bank holiday
the hawthorn hedgerow
drenched by steel-rod rain

Tuesday, 1 September 2015

rosebay willowherb
the pink sunset dips right down
into the city

Monday, 31 August 2015

the blue tractor
leading the traffic
summer's end

Sunday, 30 August 2015

gritstone edge:
all the sheep within
an oak's shadow

Thursday, 27 August 2015

The Fall

The man in a Sex Instructor - First Lesson Free black-t-shirt
stomps like a despot across the pebble beach, can of Export 
nuzzling his lips, this bunting-festooned August afternoon 
sandwiched between three nights and days of constant rain;
then heads off the prom to a mid-terrace mid-Victorian flat,
the cracked facade of which he monkeys up like Spider-Man.

That's the very point in time when the four of us pass by,
more nonplussed than alarmed by his bellowing vaguely 
over our heads, and the bang behind us due to him flailing
down from the second floor, only just missing the railing.
He chortles like it's perfectly natural, which we can't belie
when every one of us reboots the locomotion of his falling.

Wednesday, 26 August 2015

downland gales
the town and the sea
smothered by rain-mist

Tuesday, 25 August 2015

green waves
darken the groyne...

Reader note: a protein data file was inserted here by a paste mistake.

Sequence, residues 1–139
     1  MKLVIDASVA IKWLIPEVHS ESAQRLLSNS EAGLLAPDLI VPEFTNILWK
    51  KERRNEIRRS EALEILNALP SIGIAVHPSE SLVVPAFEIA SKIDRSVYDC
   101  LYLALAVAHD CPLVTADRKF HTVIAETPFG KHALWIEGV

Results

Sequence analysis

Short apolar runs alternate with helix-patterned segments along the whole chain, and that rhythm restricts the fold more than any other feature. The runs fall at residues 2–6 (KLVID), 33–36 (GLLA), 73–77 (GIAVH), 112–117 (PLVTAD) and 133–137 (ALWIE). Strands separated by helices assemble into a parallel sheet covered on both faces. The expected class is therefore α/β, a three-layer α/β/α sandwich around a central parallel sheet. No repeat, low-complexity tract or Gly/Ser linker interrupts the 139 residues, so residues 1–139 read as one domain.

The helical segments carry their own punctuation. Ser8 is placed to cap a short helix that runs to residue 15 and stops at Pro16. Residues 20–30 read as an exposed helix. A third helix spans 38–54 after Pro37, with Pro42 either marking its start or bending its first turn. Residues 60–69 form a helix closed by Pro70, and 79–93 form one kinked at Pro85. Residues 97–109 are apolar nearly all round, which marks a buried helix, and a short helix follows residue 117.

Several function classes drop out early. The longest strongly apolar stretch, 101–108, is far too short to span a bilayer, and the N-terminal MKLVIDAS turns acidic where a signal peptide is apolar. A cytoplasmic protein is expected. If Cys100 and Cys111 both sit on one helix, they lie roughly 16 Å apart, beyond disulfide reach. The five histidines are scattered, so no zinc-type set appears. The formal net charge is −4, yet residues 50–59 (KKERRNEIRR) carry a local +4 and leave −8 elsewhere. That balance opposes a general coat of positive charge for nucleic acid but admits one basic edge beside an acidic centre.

sea kale

Monday, 24 August 2015

anglers' rods
off the end of the pier

Sunday, 23 August 2015

sultry night
I dream of blackberries
just out of reach

Thursday, 20 August 2015

Sands End dusk:
somebody's book shelves
crammed at all angles

Wednesday, 19 August 2015

by the slow brook
every balsam slipper
filled by a bee

Monday, 17 August 2015

In Berrylands

It's the top tip of a white-shirted geezer
leaving the pub that leads us from the meagre

harvest of a roadside trellis overhang
to richer pickings along the lane behind

the sun- and family-packed beer garden. By now
we've worked out a system of sorts: while you

nab the lower stuff with admirable speed (your
fingers wresting plump ones beneath each stinger),

I lean up with a practised tiptoe balance
(not so clever if I fall in the nettles)

to reap the bigguns 'within a tall man's reach'.
So many turn to mush at the merest touch

one more storm will surely fetch them off. We share
how we first went berrying: me at Ranmore

Common with my folks, my brothers and buckets;
you in shiny Sheffield with your nannan. It's

marvellous how quickly we fill to the brim
the ice-cream container. I hum, as you sing.

Friday, 14 August 2015

easing the dread
of the work day ahead:
two swans in flight

Sunday, 9 August 2015

Broadstairs Haiku

crescent bay:
the morris side jangles
through the sand

Punch and Judy:
the well-tanned professor
rounds up a crowd